The challenges for Latin America’s new left

A former guerrilla takes power in Colombia on Sunday as the country’s first leftwing president. Gustavo Petro is part of a trend: five of Latin America’s six largest economies will now be run by the left. If current opinion polls are reflected at the ballot box, Brazil will complete the regional pivot in October.

Formidable challenges await Petro and his peers. They must tackle some of the world’s slowest economic growth rates, high levels of corruption, entrenched inequality, inadequate health and education services and poor infrastructure. Colombia faces additional problems of its own. These include a faltering peace process with thousands of former insurgents, rampant deforestation in the Amazon, and a history of bad relations with the authoritarian regime of Nicolás Maduro in Venezuela.

The experience of Petro’s ideological soulmates in Chile, Peru and Argentina offers useful lessons. The first is to avoid interpreting their recent electoral success as a triumph of socialism or an invitation to repeat the failed state-centric economic policies of the early 2000s. Instead of voting for fresh ideas, Latin Americans have been voting against incumbent governments.

Most of the region’s sitting presidents were conservatives, so a change of guard inevitably means a shift left. Reasons for discontent abound: living standards are falling, the state is failing to deliver and the best opportunities are too often reserved for a privileged few. The pandemic exacerbated social tensions.

As a result, presidential honeymoons are short and expectations almost impossibly high. The perils for new leaders are obvious: the presidents of Chile and Peru have seen their approval ratings collapse in a matter of months because they disappointed impatient voters. In Argentina, the incumbents facing a drubbing at the polls next year are on the left. Voters care about results, not ideology.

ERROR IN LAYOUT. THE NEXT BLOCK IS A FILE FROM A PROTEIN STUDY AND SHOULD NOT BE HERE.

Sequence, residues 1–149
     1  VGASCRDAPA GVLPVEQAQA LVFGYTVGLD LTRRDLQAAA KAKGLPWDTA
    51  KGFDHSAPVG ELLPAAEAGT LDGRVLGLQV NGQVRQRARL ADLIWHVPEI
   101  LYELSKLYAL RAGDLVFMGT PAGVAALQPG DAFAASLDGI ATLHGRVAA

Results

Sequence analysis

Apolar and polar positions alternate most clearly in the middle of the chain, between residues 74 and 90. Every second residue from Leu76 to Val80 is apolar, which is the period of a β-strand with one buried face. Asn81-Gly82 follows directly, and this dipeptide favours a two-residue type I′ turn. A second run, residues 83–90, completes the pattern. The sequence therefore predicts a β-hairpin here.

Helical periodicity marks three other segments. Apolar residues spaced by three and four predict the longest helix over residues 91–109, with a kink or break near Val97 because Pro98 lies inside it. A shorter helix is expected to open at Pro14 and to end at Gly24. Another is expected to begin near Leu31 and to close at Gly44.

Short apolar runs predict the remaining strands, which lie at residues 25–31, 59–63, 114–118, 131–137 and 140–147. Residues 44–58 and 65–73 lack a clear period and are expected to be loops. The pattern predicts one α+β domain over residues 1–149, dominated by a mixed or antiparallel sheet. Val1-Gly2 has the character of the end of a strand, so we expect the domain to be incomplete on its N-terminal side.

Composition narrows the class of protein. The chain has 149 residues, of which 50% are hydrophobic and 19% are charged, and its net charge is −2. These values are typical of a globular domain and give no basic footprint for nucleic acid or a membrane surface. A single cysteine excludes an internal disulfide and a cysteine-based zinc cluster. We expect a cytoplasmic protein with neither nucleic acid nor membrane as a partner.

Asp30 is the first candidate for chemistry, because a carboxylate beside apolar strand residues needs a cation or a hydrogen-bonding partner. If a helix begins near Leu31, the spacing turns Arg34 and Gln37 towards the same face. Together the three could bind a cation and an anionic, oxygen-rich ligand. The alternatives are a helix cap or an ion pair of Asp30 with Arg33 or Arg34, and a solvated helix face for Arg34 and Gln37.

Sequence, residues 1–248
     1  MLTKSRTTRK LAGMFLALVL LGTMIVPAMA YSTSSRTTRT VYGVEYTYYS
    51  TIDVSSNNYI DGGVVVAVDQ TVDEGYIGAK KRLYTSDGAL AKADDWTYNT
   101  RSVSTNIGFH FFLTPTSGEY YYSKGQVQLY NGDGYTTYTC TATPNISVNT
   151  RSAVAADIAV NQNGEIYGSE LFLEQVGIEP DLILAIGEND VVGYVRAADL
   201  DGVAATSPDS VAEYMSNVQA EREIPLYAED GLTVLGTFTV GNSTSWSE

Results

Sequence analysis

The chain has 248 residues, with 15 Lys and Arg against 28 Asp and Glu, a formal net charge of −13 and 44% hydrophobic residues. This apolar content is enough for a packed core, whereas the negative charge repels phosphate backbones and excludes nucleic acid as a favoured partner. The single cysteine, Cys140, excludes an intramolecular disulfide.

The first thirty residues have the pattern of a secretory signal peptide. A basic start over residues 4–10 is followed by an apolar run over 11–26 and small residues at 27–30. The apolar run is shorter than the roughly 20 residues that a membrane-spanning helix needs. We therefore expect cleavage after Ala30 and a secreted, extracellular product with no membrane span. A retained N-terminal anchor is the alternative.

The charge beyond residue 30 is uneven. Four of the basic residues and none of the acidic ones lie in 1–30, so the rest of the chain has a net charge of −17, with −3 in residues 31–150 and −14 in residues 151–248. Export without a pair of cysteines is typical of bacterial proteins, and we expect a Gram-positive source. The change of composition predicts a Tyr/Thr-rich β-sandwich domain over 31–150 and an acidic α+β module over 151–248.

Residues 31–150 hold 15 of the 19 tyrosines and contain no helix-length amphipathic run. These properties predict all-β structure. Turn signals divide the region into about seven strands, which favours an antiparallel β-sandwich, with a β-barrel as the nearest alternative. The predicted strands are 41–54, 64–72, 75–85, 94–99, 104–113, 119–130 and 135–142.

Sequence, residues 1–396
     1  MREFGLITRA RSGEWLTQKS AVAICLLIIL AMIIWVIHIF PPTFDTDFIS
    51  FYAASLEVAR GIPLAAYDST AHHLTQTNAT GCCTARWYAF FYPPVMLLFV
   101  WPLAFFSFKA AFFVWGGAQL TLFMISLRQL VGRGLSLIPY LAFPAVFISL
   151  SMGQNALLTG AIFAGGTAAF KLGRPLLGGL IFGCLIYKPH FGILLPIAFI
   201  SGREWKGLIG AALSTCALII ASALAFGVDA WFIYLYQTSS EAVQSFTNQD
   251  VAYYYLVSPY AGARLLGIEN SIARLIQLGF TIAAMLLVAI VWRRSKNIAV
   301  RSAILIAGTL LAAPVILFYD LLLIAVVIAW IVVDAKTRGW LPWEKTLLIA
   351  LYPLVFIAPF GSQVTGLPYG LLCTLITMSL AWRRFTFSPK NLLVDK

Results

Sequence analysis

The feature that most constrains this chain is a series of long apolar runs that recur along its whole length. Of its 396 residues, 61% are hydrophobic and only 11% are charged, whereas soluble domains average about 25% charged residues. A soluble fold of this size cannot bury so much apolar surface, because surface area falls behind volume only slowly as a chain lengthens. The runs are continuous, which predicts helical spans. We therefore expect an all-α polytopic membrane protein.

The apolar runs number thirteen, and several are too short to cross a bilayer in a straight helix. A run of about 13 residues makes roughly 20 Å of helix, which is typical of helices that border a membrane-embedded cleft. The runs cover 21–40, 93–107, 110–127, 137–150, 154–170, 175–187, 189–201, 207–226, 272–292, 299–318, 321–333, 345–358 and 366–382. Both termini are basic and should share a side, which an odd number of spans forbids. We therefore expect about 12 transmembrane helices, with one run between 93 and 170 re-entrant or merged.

A second lesson is that broad coalitions are essential to make the deep structural changes Latin America needs in areas such as tax reform. Chile’s president Gabriel Boric quickly lost support after pursuing a divisive and economically risky new constitution. So far Petro has shown welcome pragmatism, negotiating multi-party support in Congress and appointing a widely respected economist, José Antonio Ocampo, as finance minister.

Strong, sustainable growth is also essential for the just, inclusive society that Petro and his peers are promising. Delivering that growth requires a well-educated workforce, stable rules for doing business, efficient courts and infrastructure fit for the 21st century.

Latin America is well placed to exploit some outstanding business opportunities. It ought to boom from the “nearshoring” of production from China to countries closer to the US. Its abundant natural resources can help feed the world and accelerate the drive towards clean power.

Yet none of this will happen without supportive policies. Too often in the past, governments in Latin America have focused on boosting spending rather than wealth creation, and electorally motivated fixes such as welfare handouts and fatter state payrolls rather than delivering high quality public services efficiently.

Petro has the chance to show he can do better. Colombia’s economy is forecast by JPMorgan to grow at 7.2 percent this year, by far the best of the region’s larger nations. The test of the new president’s success — and that of his regional peers — will not be the size of their social programs nor the number of politically symbolic appointments. It will be to deliver and sustain south-east Asian levels of economic growth.

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